One of the most practical ways to help someone going through a health crisis or other life challenge is to deliver meals, but sometimes logistics can be overwhelming to navigate.
As I’ve received lots of meals from others during my health challenges–and delivered lots of meals in return–I’ve discovered some tips that make the process go much more smoothly for everyone.
Whether you’re coordinating a delivery team of 5 or 25, these suggestions will take out the guesswork for you.
P.S. – Be sure to check out my post, Healthy Meal Delivery Ideas for a Friend. I share my favorite meals, including main dishes, sides, and bonus tips!
1. Find out what schedule works best for the recipient.
First consider the spacing between days. Do they need a meal every night or just a few nights a week? Will they want meals delivered on weekends?
Also consider the time of day that works best for delivery. For example, do they prefer to have the meal come to the door at dinnertime, warm and ready to be placed directly on the table? Or do they prefer to receive the meal earlier in the day with baking or reheating instructions that they can follow on their own?
Also consider when they’ll be home for the deliveries, and whether they’ll want to put a cooler on their front porch so they don’t feel tied to their house when other priorities are demanding their time.
2. Find out their food preferences, allergies, and contact information.
Food preferences and allergies are crucial to know so that both the giver and recipient aren’t wasting their time. If the recipient’s family hates peppers, you’ll want to cross your famous Stuffed Pepper recipe off your list. If there’s a nut allergy in the family, you’ll need to know that so you can check allergy information on your food labels and ingredients.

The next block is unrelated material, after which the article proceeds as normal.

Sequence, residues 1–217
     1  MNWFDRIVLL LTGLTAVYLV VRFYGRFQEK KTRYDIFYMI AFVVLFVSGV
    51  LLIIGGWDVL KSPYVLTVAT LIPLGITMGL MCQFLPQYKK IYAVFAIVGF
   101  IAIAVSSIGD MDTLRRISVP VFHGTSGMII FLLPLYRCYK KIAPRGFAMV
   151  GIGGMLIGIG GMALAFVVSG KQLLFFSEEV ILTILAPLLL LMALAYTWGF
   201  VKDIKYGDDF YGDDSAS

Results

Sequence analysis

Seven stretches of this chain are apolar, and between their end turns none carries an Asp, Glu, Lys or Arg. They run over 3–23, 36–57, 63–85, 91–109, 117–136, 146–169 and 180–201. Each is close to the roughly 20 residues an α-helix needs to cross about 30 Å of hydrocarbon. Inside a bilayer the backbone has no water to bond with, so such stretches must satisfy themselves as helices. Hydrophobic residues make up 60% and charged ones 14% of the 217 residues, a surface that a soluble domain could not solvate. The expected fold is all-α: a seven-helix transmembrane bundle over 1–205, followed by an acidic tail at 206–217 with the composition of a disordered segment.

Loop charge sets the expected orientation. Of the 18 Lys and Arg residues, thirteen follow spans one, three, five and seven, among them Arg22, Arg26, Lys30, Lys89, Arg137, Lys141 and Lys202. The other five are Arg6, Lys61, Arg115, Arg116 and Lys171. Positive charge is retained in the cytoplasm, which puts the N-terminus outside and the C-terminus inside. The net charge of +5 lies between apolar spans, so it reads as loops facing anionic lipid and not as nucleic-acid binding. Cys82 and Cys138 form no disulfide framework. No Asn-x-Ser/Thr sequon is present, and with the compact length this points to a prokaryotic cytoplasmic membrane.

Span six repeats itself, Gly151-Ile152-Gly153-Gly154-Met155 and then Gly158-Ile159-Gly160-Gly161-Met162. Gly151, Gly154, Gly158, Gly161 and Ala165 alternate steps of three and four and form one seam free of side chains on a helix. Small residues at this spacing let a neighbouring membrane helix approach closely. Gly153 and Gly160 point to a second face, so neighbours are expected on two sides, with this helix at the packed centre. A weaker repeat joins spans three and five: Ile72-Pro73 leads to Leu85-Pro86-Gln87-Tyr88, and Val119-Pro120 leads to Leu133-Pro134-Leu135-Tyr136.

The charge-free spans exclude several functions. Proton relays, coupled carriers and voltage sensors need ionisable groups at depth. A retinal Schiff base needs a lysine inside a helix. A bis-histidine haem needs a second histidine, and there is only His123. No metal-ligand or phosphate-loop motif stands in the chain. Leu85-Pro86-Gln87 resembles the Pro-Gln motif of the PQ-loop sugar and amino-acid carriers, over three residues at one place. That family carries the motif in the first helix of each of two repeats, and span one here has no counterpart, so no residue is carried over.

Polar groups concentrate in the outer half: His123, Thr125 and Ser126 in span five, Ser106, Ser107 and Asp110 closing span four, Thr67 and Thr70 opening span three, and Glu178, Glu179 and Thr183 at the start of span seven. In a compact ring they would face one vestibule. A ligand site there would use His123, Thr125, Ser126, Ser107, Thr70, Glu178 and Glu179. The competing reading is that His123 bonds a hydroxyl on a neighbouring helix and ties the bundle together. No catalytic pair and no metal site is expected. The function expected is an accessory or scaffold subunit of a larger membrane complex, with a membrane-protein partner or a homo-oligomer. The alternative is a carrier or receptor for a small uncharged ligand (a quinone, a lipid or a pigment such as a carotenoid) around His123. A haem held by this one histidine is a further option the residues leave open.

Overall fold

Also be sure to get their contact information, such as mailing address, email, and phone numbers. It’s best to get more than one phone number so there’s a backup in case you have issues with delivery.
3. Use an online scheduling tool.
There are a lot of websites that coordinate meal delivery schedules online, and almost all of them allow you to customize the schedule, as well as enter the recipient’s family details, preferences, allergies, contact information, etc.
They also ask you to enter the meal you’ll be bringing, which is really helpful so you don’t duplicate a meal that was just delivered the day before. Email reminders are sent so you don’t forget your delivery.
If you’re new to this, I recommend starting with FoodTidings.com. They have an extremely user-friendly interface that makes it easy to see a snapshot of the schedule and recipient details.
4. Consider following up after deliveries, both with the recipient and the person delivering.
After a couple meal deliveries have taken place, check with the recipient to make sure the logistics are working. If there are any adjustments that need to be made to their schedule or delivery information, it’s better to catch it early.
Also consider following up with the person who delivered the meal and say a quick thank you. If the recipient comments on a meal they really liked, you can follow up to get the recipe for them also.
Above all, remember to stay flexible and adjust your plans if needed. Your concern for your friend will speak volumes and your tangible actions will let her know she’s loved.
Blessings to you as you minister!
*photo by Jana at Twigy Posts